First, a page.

The R31 Skyline wagon is such a rare sight to see in the US. At first glance, people might mistake it for a Subaru GL wagon or a Nissan Maxima with fancy badging. But once you pop the hood and see the RB20ET single-cam turbocharged engine, you know this is more than your typical grocery-getter. This wagon was equipped with the later model ECCS (Electronically Concentrated Control System) engine management which eliminates the twelve tiny runners for six much larger ones, though the cylinder heads still retained twelve individual intake ports separated by casting material. It also received a slightly larger turbocharger. With NHTSA laws allowing the importation of vehicles 25 years and older, we’re sure to see more of these affordable Skyline wagons being modified and popping up at shows around the country.
The Chump Car World Challenge is a series of endurance competitions, which range from seven hours to 38 hours in length. Their slogan is “Real Racing, Real Tracks, and Real Cheap Cars”, and the proof is in the pudding with this 240Z. We immediately noticed a pair of kitchen cabinet handles which offers quick access to the hood when performing maintenance. The roof was crudely chopped off and reinforced with a roll cage. The original rear bumper was discarded in favor of a piece of steel pipe while a set of ghetto rigged tractor trailer lights are now used as brake lights.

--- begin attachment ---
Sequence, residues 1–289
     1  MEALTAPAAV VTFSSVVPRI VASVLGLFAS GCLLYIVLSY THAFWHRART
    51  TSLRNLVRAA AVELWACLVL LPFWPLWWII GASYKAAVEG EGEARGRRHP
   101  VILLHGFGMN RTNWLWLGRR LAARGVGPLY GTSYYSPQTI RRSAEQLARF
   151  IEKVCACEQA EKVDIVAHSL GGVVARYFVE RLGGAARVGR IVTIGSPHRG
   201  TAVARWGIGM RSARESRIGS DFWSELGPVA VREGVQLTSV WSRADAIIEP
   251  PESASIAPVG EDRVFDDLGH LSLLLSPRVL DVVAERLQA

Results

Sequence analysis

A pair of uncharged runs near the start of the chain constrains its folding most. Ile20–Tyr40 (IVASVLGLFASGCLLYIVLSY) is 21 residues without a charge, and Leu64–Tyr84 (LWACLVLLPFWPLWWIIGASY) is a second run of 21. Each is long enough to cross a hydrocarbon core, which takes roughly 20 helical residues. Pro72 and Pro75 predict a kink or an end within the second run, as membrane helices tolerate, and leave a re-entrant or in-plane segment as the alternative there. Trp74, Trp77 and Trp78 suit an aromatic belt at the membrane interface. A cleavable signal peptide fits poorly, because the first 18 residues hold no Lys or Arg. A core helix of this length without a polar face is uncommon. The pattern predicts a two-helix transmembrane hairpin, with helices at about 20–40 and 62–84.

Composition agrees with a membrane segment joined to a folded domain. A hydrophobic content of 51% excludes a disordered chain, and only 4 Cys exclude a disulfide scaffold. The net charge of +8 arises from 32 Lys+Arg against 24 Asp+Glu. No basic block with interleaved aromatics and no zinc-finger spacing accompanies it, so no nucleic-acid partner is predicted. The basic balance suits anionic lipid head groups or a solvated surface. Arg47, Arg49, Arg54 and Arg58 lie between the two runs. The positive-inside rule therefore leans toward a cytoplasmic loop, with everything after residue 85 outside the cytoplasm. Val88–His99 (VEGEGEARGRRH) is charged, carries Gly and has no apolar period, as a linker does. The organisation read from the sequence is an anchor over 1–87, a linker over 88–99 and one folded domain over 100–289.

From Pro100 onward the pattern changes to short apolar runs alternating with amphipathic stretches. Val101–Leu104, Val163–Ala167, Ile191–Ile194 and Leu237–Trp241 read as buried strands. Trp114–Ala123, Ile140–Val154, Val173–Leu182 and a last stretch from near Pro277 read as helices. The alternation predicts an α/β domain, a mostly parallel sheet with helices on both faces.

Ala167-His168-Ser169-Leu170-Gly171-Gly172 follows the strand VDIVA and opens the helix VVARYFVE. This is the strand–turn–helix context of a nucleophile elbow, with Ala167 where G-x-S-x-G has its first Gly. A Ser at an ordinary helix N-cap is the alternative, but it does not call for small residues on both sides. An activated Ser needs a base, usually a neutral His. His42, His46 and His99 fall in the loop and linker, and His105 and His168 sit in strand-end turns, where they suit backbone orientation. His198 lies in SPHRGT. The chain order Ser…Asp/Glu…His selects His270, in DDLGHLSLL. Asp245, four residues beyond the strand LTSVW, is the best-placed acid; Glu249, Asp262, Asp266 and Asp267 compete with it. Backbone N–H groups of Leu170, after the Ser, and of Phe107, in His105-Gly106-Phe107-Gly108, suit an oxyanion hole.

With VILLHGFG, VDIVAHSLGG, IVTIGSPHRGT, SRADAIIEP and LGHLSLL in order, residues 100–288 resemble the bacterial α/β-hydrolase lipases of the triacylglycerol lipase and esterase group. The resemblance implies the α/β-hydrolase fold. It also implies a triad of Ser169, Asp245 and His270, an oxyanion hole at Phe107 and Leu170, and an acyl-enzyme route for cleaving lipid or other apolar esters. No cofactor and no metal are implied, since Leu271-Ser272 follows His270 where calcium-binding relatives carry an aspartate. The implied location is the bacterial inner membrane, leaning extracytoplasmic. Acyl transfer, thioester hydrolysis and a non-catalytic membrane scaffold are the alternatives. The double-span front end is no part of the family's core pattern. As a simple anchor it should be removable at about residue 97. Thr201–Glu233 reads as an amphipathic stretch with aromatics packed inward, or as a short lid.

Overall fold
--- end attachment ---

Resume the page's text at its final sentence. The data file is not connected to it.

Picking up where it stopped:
Thing One and Thing Two – two characters from The Cat in the Hat – play an integral theme to this Z, as shown by the stuffed doll and oversized clock to keep track of time when competing in endurance racing. What’s in the cooler sitting just behind the driver seat? Your guess is as good as ours. Because this is an endurance car, it could be used for a cool suit, but that’s just a semi-educated guess of ours. Never say never in the world of Chump Car.
There were plenty of “work in progress vehicles” on display at this year’s event. One in particular was Ray “Big Tanker” Medeiros’ 1972 Datsun 521. Big Tanker is currently the second owner and has been modifying it for nearly seven years.
The truck is still adorned with its original paint, which is in good condition but faded and showing its age. The mismatched doors and body panels are indicators that this is more than just a show car. The engine bay, on the other hand, is immaculate and easily the highlight of this truck. An FJ20 engine was installed and modified with a set of Jenvy individual throttle bodies and plumbed with a 100hp direct port nitrous kit.
A series of electronics upgrades from AEM Electronics includes coils to EMS4 along with a Hall effect distributor, and the entire fuel system was completed using Aeromotive components. The interior, featuring Corbeau bucket seats, was reupholstered with matching suede panels, then completed by a set of full Auto Meter Phantom gauges. A Nissan GTR push start ignition and Momo Prototipo wheel with matching knob round out the modifications.
“Most people don’t notice the rare clock in the cab and the stainless door trim. The wheels are True Forged customs in 17×7-inch in the front and 18×8-inches in the rear. The brakes are a custom Wilwood disc brake set up with two-piece rotors, and there are custom coilovers. The truck was outfitted with a 1 piece aluminum drive shaft and upgraded with a 280Z 5-speed tranny,” says Medeiros.